Two New Ducati Scramblers Spotted in CARB Docs?

More new model news, as filings with the California Air Resources Board (CARB) suggest that we will see two new Scrambler models debuting, later this year. We come to this conclusion because emissions papers from CARB state that “Scrambler CR” and “Scrambler DS” models are coming from Ducati for 2017, in addition to the models we already have from the Italian manufacturer. The two-letter designations imply that we are likely to see a café racer (CR) version of the Ducati Scrambler, as well as a dual-sport (DS) version of the machine, which we have already seen in spy photos. This news isn’t surprising, since Ducati has made no secret about its desire to expand the Scrambler lineup.

New Four-Cylinder MV Agusta Brutale Debuting at EICMA

You know the new-bike season is just around the corner, because we’re starting to get glimpses of what the motorcycle OEMs will debut at shows like INTERMOT and EICMA. We’ve already had a glimpse of the 2017 Honda CBR1000RR, as well as the 2017 BMW S1000R, and if the folks at Italian motorcycle magazine Motociclismo are correct, the following is a concept sketch of the four-cylinder 2017 MV Agusta Brutale. The new Brutale is one of two new bikes that MV Agusta will launch at the EICMA show, with the other machine pegged as a special edition three-cylinder model. To be up front, we don’t expect anything too crazy from MV Agusta for the 2017 model year, with the Italian company still limited in options by its financial situation.

Spotted: The Subtly Changed 2017 BMW S1000R

Thanks to our loyal readers, we were pointed in the direction of some photos of what looks like a pre-production version of the upcoming 2017 BMW S1000R streetfighter (one of the machines we tipped for an update this coming model year). It appears that the new BMW S1000R is going to get a bevy of changes already found on the current BMW S1000RR superbike, both visually and mechanically. Caught at the Oschersleben track in Germany, we can’t imagine how many people walked by this parked motorcycle, without realizing what it was. We can’t blame them though, because the updates coming to the 2017 BMW S1000R are subtle, and you’d really have to know what you’re looking at, in order to see the changes.

More of the Sexiness That Is the KTM Moto2 Race Bike

KTM’s Moto2 project officially debuted today, with Aki Ajo managing the team that will consist of riders Brad Binder and Miguel Oliveira. Like KTM’s MotoGP project, with the KTM RC16 race bike, the Moto2 project uses some intriguing elements. Namely, the frame is of a steel trellis design, the suspension is provided for by WP, and of course the engine is a lightly tuned Honda CBR600RR lump. If looks could win races, the WP KTM Moto2 machine would already be a contender. That being said, we have high expectations for the racing program in next year’s Moto2 Championship. Until then tough, we’ll let you drool over the high-resolution images we have waiting for you, after the jump.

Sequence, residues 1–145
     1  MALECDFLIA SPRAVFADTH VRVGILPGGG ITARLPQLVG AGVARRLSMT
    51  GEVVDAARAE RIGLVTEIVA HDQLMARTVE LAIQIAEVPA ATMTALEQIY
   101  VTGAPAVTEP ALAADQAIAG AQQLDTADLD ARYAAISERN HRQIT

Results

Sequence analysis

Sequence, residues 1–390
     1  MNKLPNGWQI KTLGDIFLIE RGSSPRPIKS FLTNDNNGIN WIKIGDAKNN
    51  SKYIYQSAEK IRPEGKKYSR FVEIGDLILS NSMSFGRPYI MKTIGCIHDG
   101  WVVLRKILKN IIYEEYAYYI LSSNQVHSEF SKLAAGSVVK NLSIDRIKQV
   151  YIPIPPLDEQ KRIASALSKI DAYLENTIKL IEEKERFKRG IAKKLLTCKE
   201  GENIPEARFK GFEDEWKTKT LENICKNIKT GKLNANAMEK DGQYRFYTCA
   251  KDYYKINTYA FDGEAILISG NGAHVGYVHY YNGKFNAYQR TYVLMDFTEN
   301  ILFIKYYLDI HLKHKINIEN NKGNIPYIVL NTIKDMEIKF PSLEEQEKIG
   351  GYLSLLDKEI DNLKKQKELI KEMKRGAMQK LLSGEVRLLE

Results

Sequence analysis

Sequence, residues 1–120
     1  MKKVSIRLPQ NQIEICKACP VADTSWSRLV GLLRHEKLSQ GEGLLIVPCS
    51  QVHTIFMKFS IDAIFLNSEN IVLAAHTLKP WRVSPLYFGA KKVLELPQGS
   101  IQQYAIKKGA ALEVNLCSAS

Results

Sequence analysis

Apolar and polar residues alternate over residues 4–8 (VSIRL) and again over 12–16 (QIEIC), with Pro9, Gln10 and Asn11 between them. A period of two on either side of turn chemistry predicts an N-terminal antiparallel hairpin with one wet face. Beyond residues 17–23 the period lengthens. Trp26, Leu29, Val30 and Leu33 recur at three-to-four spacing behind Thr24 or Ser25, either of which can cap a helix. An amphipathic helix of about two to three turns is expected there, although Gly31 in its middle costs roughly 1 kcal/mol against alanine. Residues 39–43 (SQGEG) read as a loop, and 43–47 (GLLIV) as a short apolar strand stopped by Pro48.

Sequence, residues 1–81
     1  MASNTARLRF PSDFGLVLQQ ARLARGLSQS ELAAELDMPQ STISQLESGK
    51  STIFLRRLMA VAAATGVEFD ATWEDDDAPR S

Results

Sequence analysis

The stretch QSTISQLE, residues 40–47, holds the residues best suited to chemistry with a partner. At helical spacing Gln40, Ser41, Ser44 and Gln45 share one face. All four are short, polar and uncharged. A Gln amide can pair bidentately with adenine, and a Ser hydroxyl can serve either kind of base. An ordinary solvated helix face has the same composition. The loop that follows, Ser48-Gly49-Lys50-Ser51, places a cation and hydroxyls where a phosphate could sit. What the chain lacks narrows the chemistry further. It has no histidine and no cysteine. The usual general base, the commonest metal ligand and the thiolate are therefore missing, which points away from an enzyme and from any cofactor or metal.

Hi, Are You the 2017 Honda CBR1000RR?

If you were hoping that the 2017 Honda CBR1000RR would be a completely new machine for sport bike enthusiasts, the following might disappoint you. This is because photos published on Twitter seem to suggest that the 2017 Honda Fireblade will get mostly cosmetic changes for the upcoming model year. As you can see after the jump, what looks like the new CBR1000RR was caught lapping for what appears to be a PR video spot for the Japanese OEM. While it is clear from these shots that the pictured Honda CBR1000RR has a radically new fairing design, a closer comparison to the chassis (see above) suggests that the machine is simply the current generation machine, with new clothing.

Official: KTM Enters Moto2 with Binder and Oliveira

KTM is to enter the Moto2 class. The Ajo team is to expand its current Moto2 operation to two riders, with Brad Binder and Miguel Oliveira (not Tom Lüthi, as we had previously reported) taking the place of the departing Johann Zarco. The team is also to switch from Kalex to KTM, as part of KTM’s project to provide a career path for young riders from the FIM CEV Moto3 championship through all three Grand Prix classes to MotoGP. The names of the riders involved should come as no surprise. Brad Binder is a race or two away at most from becoming the 2016 Moto3 world champion, and Miguel Oliveira came very close to winning the Moto3 title in 2015, as Binder’s teammate in the Red Bull KTM Ajo Moto3 team. Both riders are highly rated both by KTM and by team boss Aki Ajo.

MotoGP Aerodynamic Rules Published, No Wings Allowed

The aerodynamic rules for the 2017 MotoGP season and beyond have been published. At a meeting of the Grand Prix Commission at Misano, a proposal from Dorna’s technical team was accepted, banning aerodynamic devices in as general a wording as possible. Wings, bulges, and anything protruding from the front of the fairing are now banned. The proposal was drawn up by a small group consisting of Director of Technology Corrado Cecchinelli, Technical Director Danny Aldridge, and Race Director Mike Webb. Their main focus was to keep the wording as general as possible, so as to avoid loopholes for engineers to exploit. Technical Director Danny Aldridge will have the final word on any fairing protrusion, precisely to prevent any doubt about workarounds.

Two New BMW Models Debuting a INTERMOT

Every other year, the motorcycle industry gathers in Cologne, Germany in October, for the INTERMOT trade expo. The show provides a good alternative for the Germanic brands to launch new machines, with BMW and KTM often showcasing new models at the show. This year will be no different. To that end, BMW Motorrad is already getting its hype machine warmed up, telling us that several models will debut updates in Cologne. More importantly, zie Germans tell us that two new motorcycles will also debut at the INTERMOT show. What those models will be is certainly the conjecture du jour, since there are several possibilities that BMW Motorrad could be working on. This might make decoding BMW’s game plan all but impossible, but we can still give it a try.